Thursday, October 15, 2009

Day 25: Muscle Memory

Look at God’s ingenuity—He allowed Paul to share his faith with a few premier dignitaries including King Agrippa. Acts chapter 25 captures how natural circumstances of one ruler visiting another can be used by God for divine intentions.

When Agrippa stood before the Judge of all the earth (Jesus) regarding his eternal destiny, he had no excuses about not having an opportunity to hear the message of salvation. Likewise, there are some people in our lives today simply because we’re in a tense trial. The challenge I find is that when we’re experiencing tough trials, we tend to shut down and not want to share information about our savior with others. Paul was just the opposite. While imprisoned he was still vocal about the One who died for him.

Let’s not hope that one day we’ll really grow strong in the Lord. Let’s seize today and start acting like that spiritually-strong person we hope to become.

Are you immersed in a nice trial? Why not refocus your attention outward toward the lost and see what God will do through you. It is not our job to save people; it’s just our job to share Christ with them. God is the one who does the saving!

Have you ever heard of the term “muscle memory”? In the world of physical fitness, the phrase signifies that our muscles—that group or set of muscles used in a particular exercise/sport—have the capacity to remember the movement and motions associated with the motion even if we’ve not performed it in awhile. In the same way, I believe that we have “trial memory”. The behavior that we practice during trials becomes normative during future trials despite the fact that we know the right thing to do.

So, if we don’t break out of the present pattern of discontinuing our witnessing practices during trials, we will not be able to change our “trial memory.” Consequently, your next trial may have you doing the same things as this present trial if you do nothing drastic to change your “trial memory”. If you want an evangelistic heart, you cannot simply hope for one. You must intentionally act that way while in your present circumstances.

Let’s break the pattern today! What can you do to break the pattern of “trial memory”? Post at least one strategic action you intend to take within the next few days.


  1. Hello everyone,

    Whenever people respond to altar calls, Pastor David always reminds that “after one turns their life to the Lord, they’re still the same person, the character doesn’t change – though the behavior will – but they’re still the same”. This statement is so visible in Paul’s determination to stand firm on his beliefs and not allow anyone to refute his claim of Jesus being the Savior and the only way to eternal life. I appreciate his attitude in a sense that Paul was very consistent throughout the time he had to go see the representatives of the law, he never denied that he is a follower of Jesus and I concur with Dr. Ireland that God’s plan never fails, His goal is to have people hear the good news about his Son and Paul has done just that. I also agree w/the prospect of breaking free from the pattern of self-withdrawal – in my case I often come across someone that needs to hear some words of comfort and the worst part of it is that I too need to be comforted - I will sadly admit that I reluctantly allow the Holy Spirit to speak through me which by the time I finish w/the person, they have a smile on their face and I still have my frown but God’s work is fulfilled and that’s a good thing. I know it’s very painful to help someone in need while you’re hurting and my understanding is this - to break that pattern will require commitment and I will safely say that it’s a mind-set that we have to position self to do God’s will. As far as the trial being nice, I see it as painful torture especially when I know I want to make a full surge and invade the land. In order to break that pattern, I plan on decreasing the amount of complaints I offer God each time after I speak on his behalf while I’m waiting for his deliverance on my behalf and every time we bring either a backslider or an unsaved person to the knowledge of Jesus Christ, it’s fiesta in heaven and I would imagine Jesus dancing holding a “cha-cha” in each hand- so better be practical in that sense and do the father’s will because I WANT my breakthrough and the Imagine More slogan says it best - “IT’S TIME”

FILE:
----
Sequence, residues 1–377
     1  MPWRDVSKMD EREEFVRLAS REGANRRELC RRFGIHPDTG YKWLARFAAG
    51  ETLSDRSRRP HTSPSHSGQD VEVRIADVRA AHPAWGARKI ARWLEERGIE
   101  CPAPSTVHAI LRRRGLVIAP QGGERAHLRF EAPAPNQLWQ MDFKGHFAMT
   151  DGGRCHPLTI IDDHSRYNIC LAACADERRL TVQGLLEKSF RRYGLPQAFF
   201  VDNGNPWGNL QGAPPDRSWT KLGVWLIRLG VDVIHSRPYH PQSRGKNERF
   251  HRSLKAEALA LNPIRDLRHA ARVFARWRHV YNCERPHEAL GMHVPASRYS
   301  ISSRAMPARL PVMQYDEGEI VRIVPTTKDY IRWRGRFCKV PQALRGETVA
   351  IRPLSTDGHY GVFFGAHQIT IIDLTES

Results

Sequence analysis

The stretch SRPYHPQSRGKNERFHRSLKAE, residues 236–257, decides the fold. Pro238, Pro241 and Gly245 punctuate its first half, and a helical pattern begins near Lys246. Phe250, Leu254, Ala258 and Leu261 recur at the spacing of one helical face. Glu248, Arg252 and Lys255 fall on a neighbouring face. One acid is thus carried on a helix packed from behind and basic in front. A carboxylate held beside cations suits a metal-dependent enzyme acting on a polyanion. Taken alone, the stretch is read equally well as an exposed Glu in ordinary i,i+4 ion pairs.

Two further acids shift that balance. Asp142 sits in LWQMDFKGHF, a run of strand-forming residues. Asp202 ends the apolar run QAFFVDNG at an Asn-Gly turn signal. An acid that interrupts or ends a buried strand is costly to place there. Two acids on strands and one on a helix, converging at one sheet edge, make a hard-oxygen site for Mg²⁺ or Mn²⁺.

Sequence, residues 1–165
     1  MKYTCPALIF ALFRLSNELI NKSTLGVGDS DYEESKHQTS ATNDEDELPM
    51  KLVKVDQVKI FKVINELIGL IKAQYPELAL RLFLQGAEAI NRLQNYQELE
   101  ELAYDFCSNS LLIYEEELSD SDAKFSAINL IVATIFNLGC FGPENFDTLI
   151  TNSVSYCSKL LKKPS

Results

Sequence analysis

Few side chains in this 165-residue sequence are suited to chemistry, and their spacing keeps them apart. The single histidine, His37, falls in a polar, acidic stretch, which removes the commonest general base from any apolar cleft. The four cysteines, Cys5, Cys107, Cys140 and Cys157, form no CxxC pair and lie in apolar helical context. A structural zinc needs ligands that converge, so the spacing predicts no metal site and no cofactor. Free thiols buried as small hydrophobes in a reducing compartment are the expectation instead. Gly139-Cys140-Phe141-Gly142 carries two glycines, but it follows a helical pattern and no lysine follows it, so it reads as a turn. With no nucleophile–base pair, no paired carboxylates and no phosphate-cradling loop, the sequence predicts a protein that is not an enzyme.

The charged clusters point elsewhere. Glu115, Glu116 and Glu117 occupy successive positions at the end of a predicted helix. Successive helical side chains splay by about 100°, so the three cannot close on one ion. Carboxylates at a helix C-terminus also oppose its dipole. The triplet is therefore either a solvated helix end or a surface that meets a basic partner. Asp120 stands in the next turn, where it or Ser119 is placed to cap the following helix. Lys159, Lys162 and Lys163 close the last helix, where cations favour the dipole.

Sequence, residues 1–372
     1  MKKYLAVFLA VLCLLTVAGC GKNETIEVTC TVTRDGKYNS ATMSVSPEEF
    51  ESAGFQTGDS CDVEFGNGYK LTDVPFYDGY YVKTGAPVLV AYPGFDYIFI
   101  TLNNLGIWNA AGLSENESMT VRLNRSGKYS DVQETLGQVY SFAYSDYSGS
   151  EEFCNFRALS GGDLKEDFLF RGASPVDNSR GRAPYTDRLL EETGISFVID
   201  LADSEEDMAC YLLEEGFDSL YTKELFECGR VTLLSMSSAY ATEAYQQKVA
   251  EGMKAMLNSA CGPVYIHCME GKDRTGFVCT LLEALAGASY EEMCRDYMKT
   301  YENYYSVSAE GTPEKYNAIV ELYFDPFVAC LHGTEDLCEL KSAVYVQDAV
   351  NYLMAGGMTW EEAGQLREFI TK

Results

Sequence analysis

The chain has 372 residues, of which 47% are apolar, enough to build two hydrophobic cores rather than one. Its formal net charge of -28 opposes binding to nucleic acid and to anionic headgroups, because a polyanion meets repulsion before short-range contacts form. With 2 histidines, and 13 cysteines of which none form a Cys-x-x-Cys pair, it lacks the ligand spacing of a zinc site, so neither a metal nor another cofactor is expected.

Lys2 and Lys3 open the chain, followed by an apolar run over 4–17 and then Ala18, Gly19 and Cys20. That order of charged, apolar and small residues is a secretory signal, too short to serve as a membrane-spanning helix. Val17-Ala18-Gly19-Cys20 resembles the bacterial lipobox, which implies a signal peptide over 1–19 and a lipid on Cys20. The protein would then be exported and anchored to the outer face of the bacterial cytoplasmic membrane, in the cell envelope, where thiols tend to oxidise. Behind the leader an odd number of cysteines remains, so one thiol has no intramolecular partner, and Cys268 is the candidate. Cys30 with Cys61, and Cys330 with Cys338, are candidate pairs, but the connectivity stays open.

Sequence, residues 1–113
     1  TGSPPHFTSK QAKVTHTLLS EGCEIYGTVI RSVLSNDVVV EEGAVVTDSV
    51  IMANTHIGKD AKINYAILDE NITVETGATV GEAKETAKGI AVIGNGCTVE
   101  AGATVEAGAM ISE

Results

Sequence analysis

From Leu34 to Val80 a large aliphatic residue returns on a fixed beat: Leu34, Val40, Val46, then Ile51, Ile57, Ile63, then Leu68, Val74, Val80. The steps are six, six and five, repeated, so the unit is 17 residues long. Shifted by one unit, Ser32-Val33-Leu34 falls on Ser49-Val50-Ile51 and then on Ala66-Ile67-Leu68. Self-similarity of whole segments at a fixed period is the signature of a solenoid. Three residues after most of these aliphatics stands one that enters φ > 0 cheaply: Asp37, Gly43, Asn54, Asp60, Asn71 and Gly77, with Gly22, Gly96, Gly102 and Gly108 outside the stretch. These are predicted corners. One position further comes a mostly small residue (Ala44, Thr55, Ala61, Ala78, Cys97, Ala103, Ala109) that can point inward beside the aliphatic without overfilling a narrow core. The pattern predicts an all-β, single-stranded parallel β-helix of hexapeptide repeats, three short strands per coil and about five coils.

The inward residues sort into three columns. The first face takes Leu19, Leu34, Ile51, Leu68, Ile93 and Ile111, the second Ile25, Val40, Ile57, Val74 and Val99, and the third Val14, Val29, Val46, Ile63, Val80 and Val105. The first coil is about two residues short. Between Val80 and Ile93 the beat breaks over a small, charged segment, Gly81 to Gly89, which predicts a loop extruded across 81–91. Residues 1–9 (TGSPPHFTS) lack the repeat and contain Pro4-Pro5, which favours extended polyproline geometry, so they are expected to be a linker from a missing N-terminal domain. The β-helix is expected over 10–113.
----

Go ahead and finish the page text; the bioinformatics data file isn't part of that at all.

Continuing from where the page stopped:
Everyone have a great weekend, be blessed


  2. Greetings:

    The one strategic thing that I can do is to ask God to allow me to see things from His perspective, and guide me on the path to take. He has all the answers…………

    Over this 40 day journey, I have a renewed or deeper trust in the sovereignty of God. He is not surprised by the events in my life and if He’s allowed them to occur, He has a reason. My focus needs to be on God’s perspective and not my own. My perspective is almost always based on my feelings/comfort level – which is the wrong way to go!

    Paul’s act is a tough one to follow – but one that displays the heart of God. Seizing every opportunity (good and bad) and using it for His glory …… that’s how we will build trial memory!

  3. Thanks for this question, Pastor Ireland.

    My strategic actions are to invest time at the end of each day to reflect on what I can learn from both good and challenging events to inform my future actions. And then, thank God for continuously guiding and instructing me as I move forward. All praises to God!


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